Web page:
LabVIEW is a graphical programming language used by professional scientists and engineers as well as students, hobbyists and makers. It was designed to enable domain experts to build power systems quickly without getting bogged down in subsystem minutia.
LabVIEW has powerful features for simulation, control and DAQ applications.
Programs are called virtual instruments, or VIs, because their appearance and operation often imitate physical instruments, such as oscilloscopes and multimeters. LabVIEW contains a comprehensive set of tools for acquiring, analyzing, displaying, and storing data, as well as tools to help you troubleshoot the code you write.
LabVIEW is a proprietary product of National Instruments. Unlike other programming languages like C or Fortran, LabVIEW is not managed or specified by a third party standards committee such as the American National Standards Institute (ANSI), the Institute of Electrical and Electronics Engineers (IEEE), the International Organization for Standardization (ISO), and others.
Here’s our recommended free books to learn LabVIEW.
1. Introduction to LabVIEW by National Instruments Corporation
This technical manual introduces the concepts required to build a basic system with LabVIEW.
It’s recommended that new users spend time learning the basic tools and concepts needed to use and navigate the environment before building their first applications.
This manual contains exercises that you can use to learn how to develop basic applications in LabVIEW. These exercises take a short amount of time to complete and help readers get started with LabVIEW.
2. Introduction to LAbVIEW by National Instruments Corporation
This course prepares you to do the following:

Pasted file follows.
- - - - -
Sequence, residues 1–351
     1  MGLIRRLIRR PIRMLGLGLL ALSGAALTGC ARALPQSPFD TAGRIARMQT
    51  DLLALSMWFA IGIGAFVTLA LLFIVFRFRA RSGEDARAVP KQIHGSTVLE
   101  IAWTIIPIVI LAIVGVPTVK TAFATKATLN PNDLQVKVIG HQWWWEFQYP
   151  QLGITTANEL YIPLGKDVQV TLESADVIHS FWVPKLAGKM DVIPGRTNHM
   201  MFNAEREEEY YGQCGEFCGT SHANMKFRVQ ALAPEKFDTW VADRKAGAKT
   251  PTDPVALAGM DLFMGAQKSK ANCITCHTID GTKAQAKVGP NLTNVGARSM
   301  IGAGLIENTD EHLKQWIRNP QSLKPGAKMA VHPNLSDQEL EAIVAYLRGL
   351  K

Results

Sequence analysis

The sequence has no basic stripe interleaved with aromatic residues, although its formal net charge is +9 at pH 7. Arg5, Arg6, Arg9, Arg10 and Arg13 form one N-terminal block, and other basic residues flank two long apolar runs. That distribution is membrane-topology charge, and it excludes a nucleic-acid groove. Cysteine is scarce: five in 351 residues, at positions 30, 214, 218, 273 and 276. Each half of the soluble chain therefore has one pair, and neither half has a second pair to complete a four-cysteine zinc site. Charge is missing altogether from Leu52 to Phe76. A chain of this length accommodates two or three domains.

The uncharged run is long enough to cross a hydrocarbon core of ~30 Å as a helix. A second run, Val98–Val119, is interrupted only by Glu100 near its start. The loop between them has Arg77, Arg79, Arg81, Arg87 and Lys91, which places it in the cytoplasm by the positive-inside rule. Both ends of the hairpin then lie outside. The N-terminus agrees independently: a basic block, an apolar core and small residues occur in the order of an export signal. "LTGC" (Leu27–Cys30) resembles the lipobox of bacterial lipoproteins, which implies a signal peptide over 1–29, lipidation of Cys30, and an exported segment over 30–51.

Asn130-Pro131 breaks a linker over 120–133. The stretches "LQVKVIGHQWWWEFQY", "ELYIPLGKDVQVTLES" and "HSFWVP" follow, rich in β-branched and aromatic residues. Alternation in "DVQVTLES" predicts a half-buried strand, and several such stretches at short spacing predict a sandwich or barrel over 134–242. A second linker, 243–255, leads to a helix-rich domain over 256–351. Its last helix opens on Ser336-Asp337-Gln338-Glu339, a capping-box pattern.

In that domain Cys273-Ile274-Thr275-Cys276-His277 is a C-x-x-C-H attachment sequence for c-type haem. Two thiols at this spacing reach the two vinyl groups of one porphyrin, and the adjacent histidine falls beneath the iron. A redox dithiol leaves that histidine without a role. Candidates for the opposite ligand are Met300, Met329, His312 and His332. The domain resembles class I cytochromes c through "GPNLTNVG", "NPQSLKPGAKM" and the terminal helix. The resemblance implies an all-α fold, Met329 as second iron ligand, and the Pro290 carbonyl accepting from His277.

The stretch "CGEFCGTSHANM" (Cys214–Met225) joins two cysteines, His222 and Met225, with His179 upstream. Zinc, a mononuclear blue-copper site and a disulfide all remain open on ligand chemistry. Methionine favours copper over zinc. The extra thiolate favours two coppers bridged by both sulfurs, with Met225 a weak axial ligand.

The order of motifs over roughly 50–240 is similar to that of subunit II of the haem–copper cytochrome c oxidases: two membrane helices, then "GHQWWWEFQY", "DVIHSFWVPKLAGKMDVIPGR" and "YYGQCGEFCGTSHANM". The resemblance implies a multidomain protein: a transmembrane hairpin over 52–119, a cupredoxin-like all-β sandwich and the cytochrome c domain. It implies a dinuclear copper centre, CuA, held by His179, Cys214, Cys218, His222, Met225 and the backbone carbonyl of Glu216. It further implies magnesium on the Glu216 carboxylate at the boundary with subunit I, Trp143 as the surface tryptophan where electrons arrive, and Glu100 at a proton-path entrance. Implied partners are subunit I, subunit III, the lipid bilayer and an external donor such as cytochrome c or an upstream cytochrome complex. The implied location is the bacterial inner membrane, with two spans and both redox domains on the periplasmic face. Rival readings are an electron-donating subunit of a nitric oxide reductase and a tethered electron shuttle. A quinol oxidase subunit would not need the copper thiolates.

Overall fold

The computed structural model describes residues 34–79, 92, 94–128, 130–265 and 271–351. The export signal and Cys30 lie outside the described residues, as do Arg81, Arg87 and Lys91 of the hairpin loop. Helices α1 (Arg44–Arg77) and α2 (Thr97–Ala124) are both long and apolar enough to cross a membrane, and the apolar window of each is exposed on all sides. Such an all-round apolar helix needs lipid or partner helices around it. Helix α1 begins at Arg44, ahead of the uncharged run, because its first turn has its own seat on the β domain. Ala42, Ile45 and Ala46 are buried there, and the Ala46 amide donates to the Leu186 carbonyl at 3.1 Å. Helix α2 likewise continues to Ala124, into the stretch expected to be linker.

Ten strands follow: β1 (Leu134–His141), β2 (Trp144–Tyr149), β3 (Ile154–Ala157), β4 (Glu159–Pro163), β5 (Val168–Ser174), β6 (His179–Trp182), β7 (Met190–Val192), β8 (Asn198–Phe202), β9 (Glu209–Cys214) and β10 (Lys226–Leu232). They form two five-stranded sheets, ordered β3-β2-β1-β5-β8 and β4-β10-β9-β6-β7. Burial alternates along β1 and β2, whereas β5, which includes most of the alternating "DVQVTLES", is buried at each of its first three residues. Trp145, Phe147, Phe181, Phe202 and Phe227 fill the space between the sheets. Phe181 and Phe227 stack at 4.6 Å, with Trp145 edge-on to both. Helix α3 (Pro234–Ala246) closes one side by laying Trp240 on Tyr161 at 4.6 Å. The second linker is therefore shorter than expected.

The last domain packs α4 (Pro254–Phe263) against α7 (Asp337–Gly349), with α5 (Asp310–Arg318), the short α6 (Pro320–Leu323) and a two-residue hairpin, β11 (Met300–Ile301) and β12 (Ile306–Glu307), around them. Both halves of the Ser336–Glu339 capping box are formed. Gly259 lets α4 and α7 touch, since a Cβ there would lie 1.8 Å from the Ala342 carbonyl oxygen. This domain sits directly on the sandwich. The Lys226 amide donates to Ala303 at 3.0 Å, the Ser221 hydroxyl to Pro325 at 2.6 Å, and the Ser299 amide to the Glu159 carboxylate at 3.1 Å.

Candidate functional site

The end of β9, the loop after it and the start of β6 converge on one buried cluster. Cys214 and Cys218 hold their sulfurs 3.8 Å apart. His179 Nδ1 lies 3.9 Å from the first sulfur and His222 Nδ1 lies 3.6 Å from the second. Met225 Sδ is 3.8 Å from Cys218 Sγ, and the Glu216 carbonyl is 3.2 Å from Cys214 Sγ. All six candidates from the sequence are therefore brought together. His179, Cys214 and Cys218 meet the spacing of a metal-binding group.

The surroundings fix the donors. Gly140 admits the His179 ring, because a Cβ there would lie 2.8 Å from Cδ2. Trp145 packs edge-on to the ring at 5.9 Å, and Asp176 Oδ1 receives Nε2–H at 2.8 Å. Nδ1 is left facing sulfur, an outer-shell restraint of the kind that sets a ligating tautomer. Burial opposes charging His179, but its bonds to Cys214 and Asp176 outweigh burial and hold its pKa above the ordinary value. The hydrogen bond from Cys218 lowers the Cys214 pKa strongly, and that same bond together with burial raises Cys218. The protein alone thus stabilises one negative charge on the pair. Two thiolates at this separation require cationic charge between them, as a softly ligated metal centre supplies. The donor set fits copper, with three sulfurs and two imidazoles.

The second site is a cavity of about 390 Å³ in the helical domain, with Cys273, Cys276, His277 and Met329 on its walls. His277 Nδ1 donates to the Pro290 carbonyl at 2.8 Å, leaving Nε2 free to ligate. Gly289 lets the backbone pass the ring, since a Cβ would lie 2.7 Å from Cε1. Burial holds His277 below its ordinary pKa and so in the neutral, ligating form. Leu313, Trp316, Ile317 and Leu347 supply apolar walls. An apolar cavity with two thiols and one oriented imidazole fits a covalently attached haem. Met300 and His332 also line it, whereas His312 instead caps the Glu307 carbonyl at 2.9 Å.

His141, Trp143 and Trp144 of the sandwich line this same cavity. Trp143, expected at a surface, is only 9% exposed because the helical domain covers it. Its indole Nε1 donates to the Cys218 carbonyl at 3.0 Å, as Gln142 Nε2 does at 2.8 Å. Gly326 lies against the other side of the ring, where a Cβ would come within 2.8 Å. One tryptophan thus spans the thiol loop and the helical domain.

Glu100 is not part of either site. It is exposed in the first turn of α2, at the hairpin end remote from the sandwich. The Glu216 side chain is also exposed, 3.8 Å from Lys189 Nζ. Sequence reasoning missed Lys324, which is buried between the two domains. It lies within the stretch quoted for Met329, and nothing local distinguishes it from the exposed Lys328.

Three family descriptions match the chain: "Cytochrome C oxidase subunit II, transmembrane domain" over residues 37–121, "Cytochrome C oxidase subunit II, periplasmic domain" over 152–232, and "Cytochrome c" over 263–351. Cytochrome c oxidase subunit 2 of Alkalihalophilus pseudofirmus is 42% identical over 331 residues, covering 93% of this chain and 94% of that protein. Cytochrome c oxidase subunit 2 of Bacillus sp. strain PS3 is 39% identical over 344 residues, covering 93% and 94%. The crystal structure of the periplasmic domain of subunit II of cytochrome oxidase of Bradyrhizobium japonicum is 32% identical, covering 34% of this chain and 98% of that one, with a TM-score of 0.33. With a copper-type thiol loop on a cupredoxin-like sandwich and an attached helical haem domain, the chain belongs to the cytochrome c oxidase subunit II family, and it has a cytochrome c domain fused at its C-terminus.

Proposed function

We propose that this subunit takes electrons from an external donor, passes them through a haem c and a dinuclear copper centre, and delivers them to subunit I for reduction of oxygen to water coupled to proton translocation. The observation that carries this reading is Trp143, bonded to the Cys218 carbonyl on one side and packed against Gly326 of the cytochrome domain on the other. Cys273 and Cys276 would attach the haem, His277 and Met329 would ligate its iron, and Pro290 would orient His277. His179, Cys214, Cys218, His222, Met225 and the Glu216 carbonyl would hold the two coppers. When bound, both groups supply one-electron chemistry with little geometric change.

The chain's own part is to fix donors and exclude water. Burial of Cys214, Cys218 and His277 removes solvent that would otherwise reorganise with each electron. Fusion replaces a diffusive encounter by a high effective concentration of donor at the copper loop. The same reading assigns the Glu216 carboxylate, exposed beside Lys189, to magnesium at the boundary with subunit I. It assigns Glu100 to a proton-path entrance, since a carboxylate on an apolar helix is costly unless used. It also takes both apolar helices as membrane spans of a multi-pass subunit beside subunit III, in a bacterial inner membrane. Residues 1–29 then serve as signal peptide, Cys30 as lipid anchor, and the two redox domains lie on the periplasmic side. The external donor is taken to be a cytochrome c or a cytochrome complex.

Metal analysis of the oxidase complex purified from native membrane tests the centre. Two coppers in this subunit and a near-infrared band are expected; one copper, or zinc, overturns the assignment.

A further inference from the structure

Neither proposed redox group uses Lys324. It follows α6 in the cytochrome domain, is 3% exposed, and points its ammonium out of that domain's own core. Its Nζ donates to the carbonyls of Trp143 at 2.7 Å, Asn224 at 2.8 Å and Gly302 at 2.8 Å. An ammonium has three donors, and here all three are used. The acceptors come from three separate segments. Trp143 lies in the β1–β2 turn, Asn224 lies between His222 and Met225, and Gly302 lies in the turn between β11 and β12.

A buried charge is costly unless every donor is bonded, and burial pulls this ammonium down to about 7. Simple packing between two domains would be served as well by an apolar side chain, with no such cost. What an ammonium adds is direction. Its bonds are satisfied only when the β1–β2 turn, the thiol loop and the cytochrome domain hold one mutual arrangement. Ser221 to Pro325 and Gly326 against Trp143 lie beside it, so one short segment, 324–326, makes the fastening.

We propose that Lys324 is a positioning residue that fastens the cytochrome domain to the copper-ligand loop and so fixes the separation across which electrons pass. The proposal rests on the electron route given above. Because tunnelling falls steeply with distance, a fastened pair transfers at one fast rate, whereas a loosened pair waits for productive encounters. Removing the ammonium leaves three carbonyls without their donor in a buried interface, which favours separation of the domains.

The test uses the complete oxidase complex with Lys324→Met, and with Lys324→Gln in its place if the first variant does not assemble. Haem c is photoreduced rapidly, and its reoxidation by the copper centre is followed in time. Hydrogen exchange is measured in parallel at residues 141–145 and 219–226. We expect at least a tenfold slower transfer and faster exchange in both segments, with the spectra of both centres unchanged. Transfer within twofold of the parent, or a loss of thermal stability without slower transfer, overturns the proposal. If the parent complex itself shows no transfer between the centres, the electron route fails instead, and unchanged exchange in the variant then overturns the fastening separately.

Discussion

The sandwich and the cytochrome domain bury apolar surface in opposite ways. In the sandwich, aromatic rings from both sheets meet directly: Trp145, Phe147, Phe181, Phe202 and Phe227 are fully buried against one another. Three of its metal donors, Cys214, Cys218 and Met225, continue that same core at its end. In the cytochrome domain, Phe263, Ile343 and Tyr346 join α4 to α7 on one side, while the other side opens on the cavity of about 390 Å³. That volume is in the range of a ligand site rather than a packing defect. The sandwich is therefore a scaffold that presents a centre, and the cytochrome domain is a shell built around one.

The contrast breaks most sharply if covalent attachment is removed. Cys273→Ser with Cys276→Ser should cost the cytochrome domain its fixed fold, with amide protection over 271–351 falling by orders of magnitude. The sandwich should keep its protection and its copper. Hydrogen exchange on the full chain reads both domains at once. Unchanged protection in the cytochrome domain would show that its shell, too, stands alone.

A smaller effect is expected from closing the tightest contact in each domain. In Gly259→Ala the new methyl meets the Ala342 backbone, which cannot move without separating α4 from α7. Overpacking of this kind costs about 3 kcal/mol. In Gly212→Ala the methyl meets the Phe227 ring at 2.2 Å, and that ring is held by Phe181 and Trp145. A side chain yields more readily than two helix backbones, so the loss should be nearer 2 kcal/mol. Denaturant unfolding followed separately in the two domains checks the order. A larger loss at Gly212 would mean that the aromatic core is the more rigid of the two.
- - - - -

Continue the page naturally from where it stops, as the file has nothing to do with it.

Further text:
- Use LabVIEW to create applications.
- Understand front panels, block diagrams, and icons and connector panes.
- Use built-in LabVIEW functions.
- Create and save programs in LabVIEW so you can use them as subroutines.
- Create applications that use plug-in DAQ devices.
3. Modeling, Programming and Simulations Using LabVIEW Software edited by Riccardo de Asmundis
LabVIEW practically allows programming by implementing straightly the equivalent of an SADT “actigram”. Beside this academical aspect, LabVIEW can be used in a variety of forms, creating projects that can spread over an enormous field of applications: from control and monitor software to data treatment and archiving; from modeling to instruments controls; from real time programming to advanced analysis tools with very powerful mathematical algorithms ready to use; from full integration with native hardware (by National Instruments) to an easy implementation of drivers for third party hardware.
In this book a collection of different applications which cover a wide range of possibilities is presented. The authors go from simple or distributed control software to modeling done in LabVIEW; from very specific applications to usage in the educational environment.
All books in this series:
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